A Bahraini child, whose father is awaiting execution, has appealed to seven-time Formula 1 champion Lewis Hamilton to help save his father, shedding light on Al-Khalifah regime’s repression in the small Persian Gulf’s island.
Eleven-year-old Ahmed Ramadhan drew a picture of the British driver’s Mercedes, pleading for help: “Lewis, please save my father,” AFP reported.
“When I was drawing the car, I felt hope that it might save my father's life,” the UK-based advocacy group Bahrain Institute for Rights and Democracy (BIRD) quoted the child as saying in his letter.
In his touching letter, the minor urged the 35-year-old champion, who won the Bahrain Grand Prix last month, to shed light on the case of Mohamed Ramadhan, a former security guard at Bahrain International Airport, who is facing the death penalty after he was convicted of purportedly murdering a police officer in a bomb attack.
Back in July, Bahrain's top court upheld the death penalty against Ramadhan and his alleged accomplice, Hussain Moosa, a former hotel employee, after convicting them of murder.
The pair, who were first sentenced in 2014, are members of the large Shia community of Bahrain, which is ruled by the Sunni Al-Khalifah regime
The death sentence came amid allegations by Amnesty International, Human Rights Watch, and BIRD that the conviction has been based on confessions extracted by torture. They also alleged that both men were also subjected to sexual assault, beatings, sleep deprivation, and other abuses.
“I really hope Lewis Hamilton delivers my message so my dad can come back home,” Ahmed further said.
In a press conference in the United Arab Emirates (UAE), Hamilton confirmed that he had received the letter.
“I think the saddest thing for me was that there's a young man on death row and it's not clear ... and when his son writes me a letter it really hits home,” he said prior to the final race in Abu Dhabi Grand Prix.
“I think there's definitely work to be done in the background and I definitely won't let it go unnoticed,” Hamilton added.
Amnesty International has already lambasted the ruling and described the trial as “grossly unfair.”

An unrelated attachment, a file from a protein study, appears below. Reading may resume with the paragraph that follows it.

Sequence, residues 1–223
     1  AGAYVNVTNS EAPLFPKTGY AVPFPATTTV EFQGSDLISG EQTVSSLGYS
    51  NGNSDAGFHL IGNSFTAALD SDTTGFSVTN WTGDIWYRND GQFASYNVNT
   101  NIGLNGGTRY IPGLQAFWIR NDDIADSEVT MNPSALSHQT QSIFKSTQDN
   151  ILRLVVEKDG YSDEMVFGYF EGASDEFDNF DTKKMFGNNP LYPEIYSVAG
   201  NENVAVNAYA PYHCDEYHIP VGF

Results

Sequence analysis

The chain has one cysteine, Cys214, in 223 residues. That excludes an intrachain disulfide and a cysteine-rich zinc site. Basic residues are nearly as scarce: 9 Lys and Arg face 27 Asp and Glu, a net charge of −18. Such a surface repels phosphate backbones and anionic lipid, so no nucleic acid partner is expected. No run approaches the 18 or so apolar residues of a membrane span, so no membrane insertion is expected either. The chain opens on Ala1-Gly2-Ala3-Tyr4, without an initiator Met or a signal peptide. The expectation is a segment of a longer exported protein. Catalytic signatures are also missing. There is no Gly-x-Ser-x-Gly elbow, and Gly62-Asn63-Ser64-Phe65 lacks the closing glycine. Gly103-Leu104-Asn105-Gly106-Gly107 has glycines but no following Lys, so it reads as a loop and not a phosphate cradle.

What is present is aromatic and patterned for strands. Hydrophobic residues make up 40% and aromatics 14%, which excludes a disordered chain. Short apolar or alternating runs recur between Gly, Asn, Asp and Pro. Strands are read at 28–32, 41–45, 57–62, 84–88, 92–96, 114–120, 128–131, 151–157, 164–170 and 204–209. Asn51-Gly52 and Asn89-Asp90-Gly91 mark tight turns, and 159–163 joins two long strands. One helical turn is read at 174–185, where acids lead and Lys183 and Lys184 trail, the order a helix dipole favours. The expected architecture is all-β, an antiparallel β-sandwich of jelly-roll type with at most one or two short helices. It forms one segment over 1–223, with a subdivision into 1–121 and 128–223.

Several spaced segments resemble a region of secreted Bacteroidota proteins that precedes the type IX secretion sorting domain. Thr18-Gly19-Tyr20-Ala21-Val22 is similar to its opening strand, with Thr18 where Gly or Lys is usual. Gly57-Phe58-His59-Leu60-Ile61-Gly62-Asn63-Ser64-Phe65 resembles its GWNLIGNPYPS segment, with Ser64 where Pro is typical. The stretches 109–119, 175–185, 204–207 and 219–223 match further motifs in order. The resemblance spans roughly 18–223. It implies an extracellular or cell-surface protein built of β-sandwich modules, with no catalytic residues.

Elsewhere in his comments, Hamilton said that he would have hoped to address the issue with Bahrain's Crown Prince Salman bin Hamad Al Khalifa, but as he has contracted COVID-19 it is not temporarily possible to discuss the issue with the royal.
“I'd hoped... to sit and address it with the crown prince, but I was bed-ridden for most of the week,” the champion said.
Separately, the director of BIRD, Sayed Ahmed Alwadaei, said that “When world champions like Lewis Hamilton choose to speak out, lives can change forever.”
The convicted pair appealed the sentences and the case was referred to the High Criminal Court of Appeal, which confirmed the verdicts in March 2015.
The case later reached the Court of Cassation that upheld the rulings in November that year.
The death sentences were later overturned after the emergence of a previously undisclosed medical report by the Bahraini Interior Ministry.
The report appeared to corroborate assertions that both men were tortured to give false confessions, according to the HRW.
But an appeals court reinstated the sentences in January 2020.
As part of Bahrain's law, the case was referred to the Court of Cassation that approved the verdict for the second time in July.
Bahrain has seen anti-regime protest rallies over the past nine years. The major demand has been the ouster of the Al-Khalifah regime and the establishment of a just and conclusive system representing all Bahraini nationals.
The Manama regime, in return, has ignored the calls and is pressing ahead with its heavy-handed crackdown and persecution of human rights campaigners and political dissidents.
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